The decision to replace the conventional “President of India” with “President of Bharat” in an official invitation extended to foreign dignitaries attending the G20 summit has triggered a flurry of political responses. While members of the opposition have criticized this move, connecting it to their 28-party coalition’s decision to call themselves “INDIA,” the BJP has raised questions about why some parties seem to object to anything related to the country’s honor and pride.
One of the most pointed reactions to the wording used in the invitation came from Arvind Kejriwal, the leader of the AAP. He questioned whether the ruling party would consider changing the country’s name to ‘BJP’ if the opposition alliance decided to adopt the name ‘Bharat.’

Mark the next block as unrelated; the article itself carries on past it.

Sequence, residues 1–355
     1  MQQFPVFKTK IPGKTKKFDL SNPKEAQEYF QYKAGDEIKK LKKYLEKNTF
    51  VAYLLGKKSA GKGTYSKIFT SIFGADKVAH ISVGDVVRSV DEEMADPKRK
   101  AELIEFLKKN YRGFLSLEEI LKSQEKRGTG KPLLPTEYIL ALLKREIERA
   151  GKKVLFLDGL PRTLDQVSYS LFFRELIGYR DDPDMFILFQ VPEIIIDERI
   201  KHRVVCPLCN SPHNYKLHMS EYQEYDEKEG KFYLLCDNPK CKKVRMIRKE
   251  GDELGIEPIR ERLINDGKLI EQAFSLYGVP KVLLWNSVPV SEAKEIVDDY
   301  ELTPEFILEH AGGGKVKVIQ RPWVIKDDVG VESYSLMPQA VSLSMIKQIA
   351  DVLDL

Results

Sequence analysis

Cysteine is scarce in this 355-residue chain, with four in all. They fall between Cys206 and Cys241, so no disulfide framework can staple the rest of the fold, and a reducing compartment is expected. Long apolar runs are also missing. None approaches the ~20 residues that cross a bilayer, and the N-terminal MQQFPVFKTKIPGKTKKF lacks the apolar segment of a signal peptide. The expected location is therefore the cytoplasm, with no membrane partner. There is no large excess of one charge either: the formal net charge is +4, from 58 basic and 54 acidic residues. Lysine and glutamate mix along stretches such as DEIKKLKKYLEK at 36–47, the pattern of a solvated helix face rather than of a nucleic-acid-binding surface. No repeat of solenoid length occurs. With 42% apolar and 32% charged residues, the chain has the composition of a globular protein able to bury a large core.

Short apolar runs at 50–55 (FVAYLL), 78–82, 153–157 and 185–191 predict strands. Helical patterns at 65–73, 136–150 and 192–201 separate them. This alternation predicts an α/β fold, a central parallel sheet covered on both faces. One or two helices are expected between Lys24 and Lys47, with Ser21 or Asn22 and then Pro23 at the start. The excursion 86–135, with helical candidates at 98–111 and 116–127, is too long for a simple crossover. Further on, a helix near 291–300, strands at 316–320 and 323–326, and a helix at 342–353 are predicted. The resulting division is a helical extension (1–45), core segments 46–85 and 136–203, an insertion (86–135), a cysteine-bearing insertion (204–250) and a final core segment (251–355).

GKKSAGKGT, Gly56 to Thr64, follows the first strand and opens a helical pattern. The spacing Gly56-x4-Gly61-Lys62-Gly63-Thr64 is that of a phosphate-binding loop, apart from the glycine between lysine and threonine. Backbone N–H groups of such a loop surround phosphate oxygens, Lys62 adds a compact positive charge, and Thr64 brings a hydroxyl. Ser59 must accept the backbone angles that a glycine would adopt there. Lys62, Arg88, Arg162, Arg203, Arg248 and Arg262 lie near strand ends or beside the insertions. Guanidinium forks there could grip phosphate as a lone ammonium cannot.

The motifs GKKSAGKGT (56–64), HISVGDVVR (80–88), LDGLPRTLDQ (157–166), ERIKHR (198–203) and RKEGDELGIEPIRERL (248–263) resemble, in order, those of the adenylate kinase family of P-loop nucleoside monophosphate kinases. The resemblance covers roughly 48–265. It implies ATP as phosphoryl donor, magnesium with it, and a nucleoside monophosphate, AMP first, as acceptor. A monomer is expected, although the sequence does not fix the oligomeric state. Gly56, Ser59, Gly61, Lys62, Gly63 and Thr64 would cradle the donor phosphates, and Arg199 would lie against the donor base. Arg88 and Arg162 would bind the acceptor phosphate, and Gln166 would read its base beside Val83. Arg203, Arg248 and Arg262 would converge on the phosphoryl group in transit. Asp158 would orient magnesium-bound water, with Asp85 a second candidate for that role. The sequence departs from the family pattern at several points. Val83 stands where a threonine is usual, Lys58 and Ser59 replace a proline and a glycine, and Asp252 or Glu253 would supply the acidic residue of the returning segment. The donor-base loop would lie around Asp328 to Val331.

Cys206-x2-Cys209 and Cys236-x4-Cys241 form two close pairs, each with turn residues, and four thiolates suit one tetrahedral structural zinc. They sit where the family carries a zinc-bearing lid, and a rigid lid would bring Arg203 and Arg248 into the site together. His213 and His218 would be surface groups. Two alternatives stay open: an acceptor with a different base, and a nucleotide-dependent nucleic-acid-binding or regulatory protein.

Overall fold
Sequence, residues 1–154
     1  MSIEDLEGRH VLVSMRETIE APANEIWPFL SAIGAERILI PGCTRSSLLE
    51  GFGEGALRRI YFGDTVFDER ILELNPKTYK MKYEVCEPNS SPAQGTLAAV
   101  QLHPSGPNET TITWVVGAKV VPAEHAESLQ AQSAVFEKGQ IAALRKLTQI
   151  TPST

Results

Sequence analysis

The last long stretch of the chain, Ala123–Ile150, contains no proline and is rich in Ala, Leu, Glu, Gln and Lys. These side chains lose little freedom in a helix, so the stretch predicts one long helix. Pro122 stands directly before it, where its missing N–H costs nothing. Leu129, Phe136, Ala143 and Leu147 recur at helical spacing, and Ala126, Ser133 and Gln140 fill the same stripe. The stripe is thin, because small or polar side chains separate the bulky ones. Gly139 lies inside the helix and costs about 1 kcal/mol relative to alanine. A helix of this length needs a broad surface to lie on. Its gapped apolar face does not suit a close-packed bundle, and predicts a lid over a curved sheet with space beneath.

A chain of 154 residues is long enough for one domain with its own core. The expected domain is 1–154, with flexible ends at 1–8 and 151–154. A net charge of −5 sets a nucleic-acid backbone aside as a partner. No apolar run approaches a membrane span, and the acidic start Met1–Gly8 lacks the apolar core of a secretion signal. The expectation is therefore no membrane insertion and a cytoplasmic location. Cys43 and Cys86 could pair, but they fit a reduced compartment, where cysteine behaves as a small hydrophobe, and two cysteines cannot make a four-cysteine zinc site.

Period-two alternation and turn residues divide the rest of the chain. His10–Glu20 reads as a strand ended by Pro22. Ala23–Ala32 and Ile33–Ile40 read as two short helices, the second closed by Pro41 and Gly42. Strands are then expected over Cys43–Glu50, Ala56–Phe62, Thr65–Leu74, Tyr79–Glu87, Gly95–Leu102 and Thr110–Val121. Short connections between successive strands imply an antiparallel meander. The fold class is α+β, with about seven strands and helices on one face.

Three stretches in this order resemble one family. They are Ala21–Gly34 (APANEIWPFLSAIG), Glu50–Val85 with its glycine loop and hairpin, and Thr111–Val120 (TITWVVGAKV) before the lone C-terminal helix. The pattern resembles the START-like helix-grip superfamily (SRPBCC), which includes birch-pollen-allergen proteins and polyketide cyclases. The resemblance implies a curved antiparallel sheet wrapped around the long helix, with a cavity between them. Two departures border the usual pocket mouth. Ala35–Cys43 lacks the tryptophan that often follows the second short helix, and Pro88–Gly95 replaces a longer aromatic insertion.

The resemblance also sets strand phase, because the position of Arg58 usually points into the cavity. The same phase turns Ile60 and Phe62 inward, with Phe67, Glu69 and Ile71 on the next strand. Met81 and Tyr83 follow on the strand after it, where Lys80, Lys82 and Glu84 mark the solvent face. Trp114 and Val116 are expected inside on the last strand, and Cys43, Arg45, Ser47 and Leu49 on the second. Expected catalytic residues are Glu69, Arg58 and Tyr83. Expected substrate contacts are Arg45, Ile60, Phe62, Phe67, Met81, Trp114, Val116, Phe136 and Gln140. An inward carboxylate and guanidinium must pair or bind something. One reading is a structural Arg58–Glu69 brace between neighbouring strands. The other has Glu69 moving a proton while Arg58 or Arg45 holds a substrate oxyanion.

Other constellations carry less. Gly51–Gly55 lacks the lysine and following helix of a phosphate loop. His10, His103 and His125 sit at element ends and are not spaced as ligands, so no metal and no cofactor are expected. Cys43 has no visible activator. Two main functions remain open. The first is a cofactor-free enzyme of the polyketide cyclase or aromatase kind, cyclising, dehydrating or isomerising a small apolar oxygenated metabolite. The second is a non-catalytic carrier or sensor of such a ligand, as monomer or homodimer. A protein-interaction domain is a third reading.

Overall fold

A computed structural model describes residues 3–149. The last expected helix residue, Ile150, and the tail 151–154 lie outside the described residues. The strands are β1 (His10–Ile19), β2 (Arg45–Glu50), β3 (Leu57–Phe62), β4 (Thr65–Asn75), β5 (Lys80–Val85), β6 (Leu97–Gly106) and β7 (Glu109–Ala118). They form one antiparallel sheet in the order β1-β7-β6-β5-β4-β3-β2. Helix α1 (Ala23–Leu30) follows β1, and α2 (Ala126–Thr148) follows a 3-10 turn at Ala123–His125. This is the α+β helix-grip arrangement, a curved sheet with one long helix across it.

During a press conference held on Tuesday, the Delhi Chief Minister expressed in Hindi, “I don’t have any official information indicating that such a name change is underway. Just because several opposition parties have formed an alliance and named it INDIA, does that mean the government will alter the country’s name? The nation belongs to 1.4 billion people, not just one party. If the alliance’s name becomes Bharat, will they then change Bharat’s name to BJP?”
Raghav Chadha, a colleague of Mr. Kejriwal and a Rajya Sabha MP, also criticized the BJP, emphasizing that the country does not exclusively belong to any single political party.